is pastrami beef or pork

Is Pastrami Beef Or Pork? Uncover the Truth Here

Is pastrami made from beef or pork? This age-old question has been the subject of much debate among food enthusiasts and deli sandwich lovers. In this article, we will unveil the truth about pastrami’s origins.

For those seeking culinary clarity, pastrami is traditionally made from beef, particularly from the brisket cut. However, in some regions or variations, it may also be crafted using pork or other meats.

Stay tuned to find out more about this mouthwatering cured meat and satisfy your curiosity once and for all!

Etymology and Origin

The name “pastrami” is believed to have originated from the Turkish word “pastırma,” which is derived from the Turkish and Azerbaijani verb “bastırma,” meaning “to press” or “to cure.”

However, the roots of pastrami can also be traced back to Romania, where a similar product called “pastramă” was made with pork or mutton.

The early versions of pastrami were thinly sliced, cold-smoked, and cured meats. These meats were traditionally rubbed with a blend of spices, including coriander, pepper, and paprika.

Over time, pastrami evolved into the two main variations we know today: pork pastrami and beef pastrami.

Pork Pastrami: A Romanian Tradition

In Romania, pastrami was originally made with pork or mutton. The meat was cured and smoked to preserve it before the invention of refrigeration.

But, when Romanian Jews immigrated to the United States, they adapted their recipe to make use of the more readily available beef.

This shift from pork to beef resulted in the creation of the popular beef pastrami we know today.

Beef Pastrami: The Deli Favorite

is pastrami beef or pork

Beef pastrami is the most common and widely recognized variation of pastrami.

It is typically made from beef brisket, although other cuts such as the deckle or navel may also be used.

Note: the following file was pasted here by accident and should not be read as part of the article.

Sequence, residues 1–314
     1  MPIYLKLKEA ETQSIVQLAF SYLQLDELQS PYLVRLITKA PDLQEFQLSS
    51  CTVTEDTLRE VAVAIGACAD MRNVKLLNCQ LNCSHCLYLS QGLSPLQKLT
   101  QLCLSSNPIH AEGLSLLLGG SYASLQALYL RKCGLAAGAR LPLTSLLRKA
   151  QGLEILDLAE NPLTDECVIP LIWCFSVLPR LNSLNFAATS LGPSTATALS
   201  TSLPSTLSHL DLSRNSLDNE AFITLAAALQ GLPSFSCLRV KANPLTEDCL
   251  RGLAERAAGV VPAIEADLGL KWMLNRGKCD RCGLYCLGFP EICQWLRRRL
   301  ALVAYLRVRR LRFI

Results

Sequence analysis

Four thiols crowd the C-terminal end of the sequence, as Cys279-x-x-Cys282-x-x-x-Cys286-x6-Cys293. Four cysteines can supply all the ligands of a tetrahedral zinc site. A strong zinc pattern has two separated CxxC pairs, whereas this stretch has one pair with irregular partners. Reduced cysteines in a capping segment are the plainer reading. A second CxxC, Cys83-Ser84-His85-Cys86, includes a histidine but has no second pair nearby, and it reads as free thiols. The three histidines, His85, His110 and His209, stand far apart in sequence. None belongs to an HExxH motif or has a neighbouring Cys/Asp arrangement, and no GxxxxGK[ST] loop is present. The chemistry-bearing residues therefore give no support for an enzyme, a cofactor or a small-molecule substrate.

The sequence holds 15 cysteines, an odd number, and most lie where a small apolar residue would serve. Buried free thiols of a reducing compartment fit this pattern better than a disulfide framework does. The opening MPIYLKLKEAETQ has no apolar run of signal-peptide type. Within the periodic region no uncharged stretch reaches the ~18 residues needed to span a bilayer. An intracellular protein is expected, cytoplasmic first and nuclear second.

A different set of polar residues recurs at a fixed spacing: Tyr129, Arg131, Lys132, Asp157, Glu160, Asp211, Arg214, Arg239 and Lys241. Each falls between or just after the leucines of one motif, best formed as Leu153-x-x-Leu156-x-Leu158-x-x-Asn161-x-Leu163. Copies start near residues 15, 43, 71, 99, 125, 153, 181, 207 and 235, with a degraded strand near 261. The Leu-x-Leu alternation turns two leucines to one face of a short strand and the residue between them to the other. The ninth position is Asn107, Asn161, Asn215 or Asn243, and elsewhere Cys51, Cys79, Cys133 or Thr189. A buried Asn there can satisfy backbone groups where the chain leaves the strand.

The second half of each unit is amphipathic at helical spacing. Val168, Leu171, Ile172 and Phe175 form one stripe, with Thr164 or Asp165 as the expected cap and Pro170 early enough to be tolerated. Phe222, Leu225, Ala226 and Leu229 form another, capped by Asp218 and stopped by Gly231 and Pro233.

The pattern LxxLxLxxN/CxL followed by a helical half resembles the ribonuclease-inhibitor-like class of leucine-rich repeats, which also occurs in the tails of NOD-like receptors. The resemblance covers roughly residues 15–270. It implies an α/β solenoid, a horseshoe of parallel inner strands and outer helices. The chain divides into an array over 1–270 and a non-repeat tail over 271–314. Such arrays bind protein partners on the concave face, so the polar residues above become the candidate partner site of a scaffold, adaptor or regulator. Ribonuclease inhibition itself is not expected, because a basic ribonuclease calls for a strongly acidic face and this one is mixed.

The beef is first brined in a mixture of salt, sugar, black pepper, cloves, coriander, bay leaves, juniper berries, and dill. This brining process helps to infuse the meat with flavor and moisture.

After brining, the beef is coated with a spice mix, which often includes black pepper, coriander, mustard seeds, fennel seeds, and sometimes fresh garlic. This spice coating gives beef pastrami its distinctive blackened appearance.

The meat is then smoked over hardwood, which adds a smoky flavor to the pastrami.

Finally, the beef is steamed until the connective tissues within the meat break down, resulting in a tender and juicy texture.

Pork Pastrami: A Lesser-Known Delight

While beef pastrami may be more widely consumed, pork pastrami still holds a special place in Romanian cuisine.

Pork pastrami is made using a similar process as beef pastrami, but with pork instead of beef.

The pork is brined, seasoned, and smoked, resulting in a flavorful and succulent meat.

Due to dietary restrictions and cultural preferences, pork pastrami is not as commonly found or recognized as its beef counterpart.

Key Differences: Flavor and Texture

One of the key differences between pork and beef pastrami lies in their flavor and texture.

Beef pastrami is known for its rich, robust flavor and tender, melt-in-your-mouth texture. The combination of the spice rub and the smoking process gives it a distinct smoky and peppery taste.

On the other hand, pork pastrami tends to have a milder flavor compared to beef pastrami. It may have notes of sweetness and tenderness due to the nature of pork.

But, pork pastrami can still offer a delightful eating experience, especially for those who prefer a lighter and more delicate taste.

Serving and Enjoying Pastrami

Regardless of whether you choose pork or beef pastrami, both variations can be enjoyed in a variety of ways.

The most iconic and popular method is to have pastrami on rye bread, often paired with a light smear of mustard. This classic combination showcases the flavor and texture of pastrami perfectly.

Pastrami can also be used as a versatile ingredient in various dishes. It can be sliced and added to salads, used as a filling for wraps or sandwiches, or even incorporated into pasta dishes for a unique twist.

The options are endless, and pastrami’s bold and savory taste can elevate any recipe.


In conclusion, pastrami is primarily made from beef, specifically beef brisket. However, pork pastrami is also a delicious and lesser-known variation that holds its own unique charm.

Whether you prefer the robust flavor of beef pastrami or the milder taste of pork pastrami, both options offer a delightful culinary experience.

Next time you visit a deli or decide to make your own pastrami-inspired dish, you can confidently choose between beef and pork pastrami, knowing the distinct characteristics and flavors each brings to the table.

Thanks for reading.